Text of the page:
- Allan Hunter
- 11 May 2018
Cannes 2018: Pawel Pawlikowski follows the Oscar-winning Ida in beguiling fashion
The love of a lifetime takes everything you have in Cold War, an exquisitely crafted heartbreaker from Ida director Pawel Pawlikowski. Dedicated to his parents and shot in ravishing black and white, it offers a stunning marriage of haunting imagery and heartfelt emotion.
Beginning in the rubble of post-war Poland, the film feels like being given privileged access to a cherished album of family photographs. In 1949, Wiktor (Tomasz Kot) is among those charged with establishing a propagandistic music and dance academy that will celebrate the country's folk traditions. He is struck by the fiery spirit and vocal talent of Zula (Joanna Kulig).
It is the giddy spark that lights a passionate relationship which unfolds in music halls and hotels – from the repressive, melancholy gloom of Soviet domination to the high-risk freedoms of a jazzy, smoke-filled Paris in the 1950s. Jealousy, betrayal and eternal devotion all play their part in a romance that is constantly at the mercy of the era's politics but also reflects wider tensions within the country.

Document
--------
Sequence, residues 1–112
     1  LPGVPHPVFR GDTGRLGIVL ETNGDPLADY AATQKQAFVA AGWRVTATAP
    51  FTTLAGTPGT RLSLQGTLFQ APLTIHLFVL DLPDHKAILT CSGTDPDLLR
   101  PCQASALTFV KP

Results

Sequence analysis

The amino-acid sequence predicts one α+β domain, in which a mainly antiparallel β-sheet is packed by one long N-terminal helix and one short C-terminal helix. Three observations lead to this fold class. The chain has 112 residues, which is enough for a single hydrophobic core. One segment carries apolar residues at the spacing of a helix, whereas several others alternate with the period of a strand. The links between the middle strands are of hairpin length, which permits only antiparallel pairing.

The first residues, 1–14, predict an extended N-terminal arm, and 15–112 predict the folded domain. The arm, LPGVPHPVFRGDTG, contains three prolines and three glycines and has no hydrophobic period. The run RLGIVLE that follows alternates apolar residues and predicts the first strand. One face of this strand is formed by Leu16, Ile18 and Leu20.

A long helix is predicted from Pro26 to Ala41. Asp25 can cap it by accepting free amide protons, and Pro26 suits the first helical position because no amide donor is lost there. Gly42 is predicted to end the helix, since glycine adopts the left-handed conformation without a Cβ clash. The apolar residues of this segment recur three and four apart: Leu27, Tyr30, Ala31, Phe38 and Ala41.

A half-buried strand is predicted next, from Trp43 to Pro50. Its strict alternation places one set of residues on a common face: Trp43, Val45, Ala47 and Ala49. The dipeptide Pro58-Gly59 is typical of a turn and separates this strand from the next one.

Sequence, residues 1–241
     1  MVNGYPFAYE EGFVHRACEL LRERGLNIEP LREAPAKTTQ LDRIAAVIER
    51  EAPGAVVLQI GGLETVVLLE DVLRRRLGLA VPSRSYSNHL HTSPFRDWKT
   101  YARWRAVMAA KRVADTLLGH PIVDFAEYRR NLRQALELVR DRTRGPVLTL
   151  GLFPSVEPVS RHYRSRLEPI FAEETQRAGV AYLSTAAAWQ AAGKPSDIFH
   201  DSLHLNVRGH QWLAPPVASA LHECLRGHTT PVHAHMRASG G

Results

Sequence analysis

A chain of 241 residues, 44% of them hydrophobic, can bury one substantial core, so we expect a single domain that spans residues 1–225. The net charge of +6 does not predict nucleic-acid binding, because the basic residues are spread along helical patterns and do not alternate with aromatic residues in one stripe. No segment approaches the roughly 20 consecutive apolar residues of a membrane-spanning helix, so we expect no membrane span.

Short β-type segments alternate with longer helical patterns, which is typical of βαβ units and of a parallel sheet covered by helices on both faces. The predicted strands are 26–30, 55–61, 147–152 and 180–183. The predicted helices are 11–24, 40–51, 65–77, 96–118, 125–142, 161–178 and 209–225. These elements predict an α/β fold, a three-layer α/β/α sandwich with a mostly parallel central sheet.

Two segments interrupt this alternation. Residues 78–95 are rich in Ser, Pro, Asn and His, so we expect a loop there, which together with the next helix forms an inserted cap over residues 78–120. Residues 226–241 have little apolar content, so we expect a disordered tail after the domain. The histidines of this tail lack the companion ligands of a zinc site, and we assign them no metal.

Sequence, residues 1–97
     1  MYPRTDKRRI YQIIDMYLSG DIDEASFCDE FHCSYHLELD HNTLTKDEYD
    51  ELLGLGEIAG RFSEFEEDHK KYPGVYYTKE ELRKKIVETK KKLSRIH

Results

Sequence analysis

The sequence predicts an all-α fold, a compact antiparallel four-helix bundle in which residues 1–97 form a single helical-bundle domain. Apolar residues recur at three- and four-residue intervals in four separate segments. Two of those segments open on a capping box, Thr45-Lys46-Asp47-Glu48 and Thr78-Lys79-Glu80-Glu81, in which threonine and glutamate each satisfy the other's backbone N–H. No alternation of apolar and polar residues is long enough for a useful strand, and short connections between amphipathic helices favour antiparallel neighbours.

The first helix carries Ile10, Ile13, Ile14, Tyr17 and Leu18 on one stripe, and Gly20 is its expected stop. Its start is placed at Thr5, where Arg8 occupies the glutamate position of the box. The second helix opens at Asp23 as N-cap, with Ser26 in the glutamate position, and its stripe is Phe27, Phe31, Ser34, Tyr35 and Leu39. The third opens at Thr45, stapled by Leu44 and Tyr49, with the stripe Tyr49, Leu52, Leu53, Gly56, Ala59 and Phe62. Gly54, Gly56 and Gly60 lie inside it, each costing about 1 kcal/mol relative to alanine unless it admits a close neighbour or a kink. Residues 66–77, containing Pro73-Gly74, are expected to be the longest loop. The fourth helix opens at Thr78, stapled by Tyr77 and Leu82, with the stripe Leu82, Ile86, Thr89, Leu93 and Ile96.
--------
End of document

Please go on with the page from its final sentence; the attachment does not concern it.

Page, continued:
Steeped in song, Cold War could almost be a musical; dance numbers are staged with exuberance, jazz club performances smoulder, lyrics sigh with emotion. It is a treat for the eyes, with shots of a ruined church in Poland, a languorous night-time trip on the Seine, or anxious figures silhouetted against a window having the quality of something Murnau might have composed in silent-era Hollywood.
Kulig, previously in Ida, is the heart and soul of the film with her emotion-charged singing and ability to convey the fire and frustration of a woman for whom love becomes the most dangerous act of all. Every bit as beguiling as its Oscar-winning predecessor, Cold War already feels like one of the films of the year.
Screening as part of the Cannes Film Festival 2018. General release TBC.